Feeling safe, comfortable, and in touch with home are big issues, says the 45-year-old author of The Woman Road Warrior: A Woman's Guide to Business Travel (Agate, $12.95, womanroadwarrior.com).
Often while traveling, she tells readers, she wished she had been given a handbook on how to negotiate "the business-travel maze" instead of one of the once-ubiquitous dress-for-success manuals. So she wrote one. BusinessWeek Chicago Bureau Manager Joseph Weber recently spoke with Ameche, who offered some tips for female travelers (though many of the ideas could be helpful for male road warriors, too). Edited excerpts of their conversation follow.
How are women's needs on the road different from men's?
We pack differently. We're different sizes physically. That doesn't mean we're porcelain dolls who are going to break, but that does mean we're aware of safety issues. And when women have families at home, they have to plan for child care and running the household. It's a matter of coordination.
Share with us your worst experiences as a traveler.
I had all my jewelry stolen out of a hotel in Wisconsin. I had a gun pointed at me on the way to O'Hare International Airport by a cab driver. I had my room accidentally posted as a hospitality suite for a conference at my hotel -- a conference I wasn't even attending -- and everybody was coming by.
Looking back, how could you have avoided those things?
With my jewelry, I should have locked the top lock on the door when I went out to the pool. Also, I will never stay on the first floor of a hotel anymore because of the number of people coming in and out of the area.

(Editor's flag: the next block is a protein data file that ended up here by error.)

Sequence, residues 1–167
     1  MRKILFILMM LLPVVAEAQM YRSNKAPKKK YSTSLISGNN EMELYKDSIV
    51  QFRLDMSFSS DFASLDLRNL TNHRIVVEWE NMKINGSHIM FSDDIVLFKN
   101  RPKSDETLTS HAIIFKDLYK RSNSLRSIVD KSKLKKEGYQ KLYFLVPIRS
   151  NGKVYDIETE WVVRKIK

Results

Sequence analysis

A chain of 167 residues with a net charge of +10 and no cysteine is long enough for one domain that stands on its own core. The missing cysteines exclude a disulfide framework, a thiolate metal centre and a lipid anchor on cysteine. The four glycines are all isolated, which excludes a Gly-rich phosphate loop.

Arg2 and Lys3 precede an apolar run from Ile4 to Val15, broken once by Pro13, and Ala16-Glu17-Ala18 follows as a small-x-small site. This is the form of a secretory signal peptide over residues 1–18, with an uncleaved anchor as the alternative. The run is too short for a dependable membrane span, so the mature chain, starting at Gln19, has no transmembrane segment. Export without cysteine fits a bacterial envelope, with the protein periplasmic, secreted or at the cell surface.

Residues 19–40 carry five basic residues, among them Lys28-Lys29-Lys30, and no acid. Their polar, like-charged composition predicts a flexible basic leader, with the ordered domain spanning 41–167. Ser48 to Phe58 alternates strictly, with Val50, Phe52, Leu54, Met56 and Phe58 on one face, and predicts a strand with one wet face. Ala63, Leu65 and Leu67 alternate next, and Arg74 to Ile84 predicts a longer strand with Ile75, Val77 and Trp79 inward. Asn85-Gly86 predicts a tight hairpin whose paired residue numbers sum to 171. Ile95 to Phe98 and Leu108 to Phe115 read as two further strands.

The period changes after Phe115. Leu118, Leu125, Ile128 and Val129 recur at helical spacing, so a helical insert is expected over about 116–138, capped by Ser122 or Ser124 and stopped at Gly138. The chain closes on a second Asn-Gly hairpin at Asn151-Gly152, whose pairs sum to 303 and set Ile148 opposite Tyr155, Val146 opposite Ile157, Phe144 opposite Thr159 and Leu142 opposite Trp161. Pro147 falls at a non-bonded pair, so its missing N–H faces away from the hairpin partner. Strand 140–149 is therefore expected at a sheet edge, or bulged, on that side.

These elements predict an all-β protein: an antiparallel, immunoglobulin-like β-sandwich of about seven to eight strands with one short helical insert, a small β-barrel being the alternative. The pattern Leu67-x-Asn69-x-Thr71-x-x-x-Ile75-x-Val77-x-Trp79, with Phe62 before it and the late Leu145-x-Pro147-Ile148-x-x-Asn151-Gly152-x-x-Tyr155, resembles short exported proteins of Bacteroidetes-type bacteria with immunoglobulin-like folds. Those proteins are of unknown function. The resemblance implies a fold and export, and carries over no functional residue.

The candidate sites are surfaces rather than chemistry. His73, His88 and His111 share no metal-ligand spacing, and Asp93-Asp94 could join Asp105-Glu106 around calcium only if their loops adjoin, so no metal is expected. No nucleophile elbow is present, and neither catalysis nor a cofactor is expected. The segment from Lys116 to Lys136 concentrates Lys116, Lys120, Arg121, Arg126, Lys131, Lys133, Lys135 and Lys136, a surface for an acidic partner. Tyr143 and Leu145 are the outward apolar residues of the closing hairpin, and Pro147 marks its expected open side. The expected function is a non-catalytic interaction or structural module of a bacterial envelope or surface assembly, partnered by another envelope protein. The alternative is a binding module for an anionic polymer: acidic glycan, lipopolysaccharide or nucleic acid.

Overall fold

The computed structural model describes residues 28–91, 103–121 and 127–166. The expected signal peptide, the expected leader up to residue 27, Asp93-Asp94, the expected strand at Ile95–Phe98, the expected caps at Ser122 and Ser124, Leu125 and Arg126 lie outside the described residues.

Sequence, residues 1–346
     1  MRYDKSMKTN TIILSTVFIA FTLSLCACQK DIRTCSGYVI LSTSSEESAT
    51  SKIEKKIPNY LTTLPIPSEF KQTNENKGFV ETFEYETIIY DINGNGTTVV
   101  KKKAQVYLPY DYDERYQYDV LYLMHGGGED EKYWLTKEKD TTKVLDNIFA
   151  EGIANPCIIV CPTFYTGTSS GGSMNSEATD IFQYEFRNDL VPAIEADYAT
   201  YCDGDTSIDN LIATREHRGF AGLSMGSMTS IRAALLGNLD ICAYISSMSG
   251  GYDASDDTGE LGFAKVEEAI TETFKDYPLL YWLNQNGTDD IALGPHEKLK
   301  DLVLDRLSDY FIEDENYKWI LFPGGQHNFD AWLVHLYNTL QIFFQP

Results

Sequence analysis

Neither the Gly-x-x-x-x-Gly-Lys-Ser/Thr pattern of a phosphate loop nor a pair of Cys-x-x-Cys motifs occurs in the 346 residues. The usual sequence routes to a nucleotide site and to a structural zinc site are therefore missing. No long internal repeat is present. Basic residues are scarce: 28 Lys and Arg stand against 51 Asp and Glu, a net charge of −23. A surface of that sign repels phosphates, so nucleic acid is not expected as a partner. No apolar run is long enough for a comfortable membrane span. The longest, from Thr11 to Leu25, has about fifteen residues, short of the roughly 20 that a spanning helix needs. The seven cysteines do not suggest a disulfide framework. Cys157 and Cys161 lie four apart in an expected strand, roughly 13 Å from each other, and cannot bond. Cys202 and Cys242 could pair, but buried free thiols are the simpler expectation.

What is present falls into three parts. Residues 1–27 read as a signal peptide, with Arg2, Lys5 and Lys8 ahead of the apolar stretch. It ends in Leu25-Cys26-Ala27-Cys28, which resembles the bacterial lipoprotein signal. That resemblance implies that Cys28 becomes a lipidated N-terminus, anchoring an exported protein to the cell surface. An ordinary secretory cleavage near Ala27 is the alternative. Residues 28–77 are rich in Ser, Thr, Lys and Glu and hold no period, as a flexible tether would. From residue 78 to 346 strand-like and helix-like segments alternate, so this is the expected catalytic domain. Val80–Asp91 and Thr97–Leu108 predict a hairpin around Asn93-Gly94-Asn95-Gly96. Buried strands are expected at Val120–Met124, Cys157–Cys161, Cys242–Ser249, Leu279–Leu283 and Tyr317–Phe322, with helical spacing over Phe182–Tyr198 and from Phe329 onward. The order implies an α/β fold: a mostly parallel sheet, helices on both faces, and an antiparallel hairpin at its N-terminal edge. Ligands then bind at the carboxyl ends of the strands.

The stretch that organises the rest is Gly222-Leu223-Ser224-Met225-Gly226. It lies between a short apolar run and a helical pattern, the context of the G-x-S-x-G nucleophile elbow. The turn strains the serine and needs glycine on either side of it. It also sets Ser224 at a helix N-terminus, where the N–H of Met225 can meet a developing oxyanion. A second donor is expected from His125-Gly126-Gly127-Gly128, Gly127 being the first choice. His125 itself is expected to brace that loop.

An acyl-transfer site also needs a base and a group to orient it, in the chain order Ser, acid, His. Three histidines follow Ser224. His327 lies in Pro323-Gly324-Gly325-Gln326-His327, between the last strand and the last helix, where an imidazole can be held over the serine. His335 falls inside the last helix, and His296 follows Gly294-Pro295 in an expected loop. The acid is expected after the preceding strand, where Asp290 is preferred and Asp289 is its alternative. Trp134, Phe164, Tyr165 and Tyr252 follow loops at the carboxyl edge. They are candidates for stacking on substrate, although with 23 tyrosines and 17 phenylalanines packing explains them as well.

After the handgun incident, I always found a driver I trusted [at a car service] and asked for him by name. When that isn't possible, some women I know set their luggage on the seat next to them, instead of in the trunk. If you feel uncomfortable, you just get out of the cab.
On the hospitality suite thing, I'm not sure what I could have done differently, but it makes for a good story at a cocktail party.
In your book, you refer to the discomfort of dining alone. What should women do when they're eating out by themselves?
I will bring a book or a BlackBerry (RIMM
) or work, so I don't feel that I'm sitting there and people are staring at me. I've also had the experience of walking into a restaurant and getting a poor table, near the kitchen. When that happens, I say that the table isn't acceptable.
How should women approach room service to make sure it's safe?
I don't follow the waiter into my room. I tell him where to put the tray, and I wait by the door. You may also ask room service to call you when the server is leaving the kitchen.
How do you protect yourself when you sign dining-room bills or health-club registrations?
Use an initial, not your full name. When you pay the bill and put down your room number, hand it back to your server -- don't leave it on the table. You just never know who's watching.
Is theft a particular concern?
Thieves target people who look more vulnerable. If you're carrying a lot -- say you're weighted down with a laptop, as well as your bag and purse -- you can't react as quickly.
Any other hints?
When you go out at night, put a note in your hotel room about where you're going and what time you've left. Check in regularly with home or an administrative assistant or friend. If you have to check your bags, put a copy of your itinerary in your checked bag.
MORE WISDOM. Ameche also sprinkles tips throughout her book. Among them:
Always remain calm and professional, especially when something goes awry. "Don't allow yourself to be dismissed as 'just another hysterical female,'" she says.
If traveling on a short trip, pack only clothes with colors that match, so you can manage with just a single pair of shoes.
Use a local dial-up access number for Internet access, not the usually costlier hotel high-speed Internet service.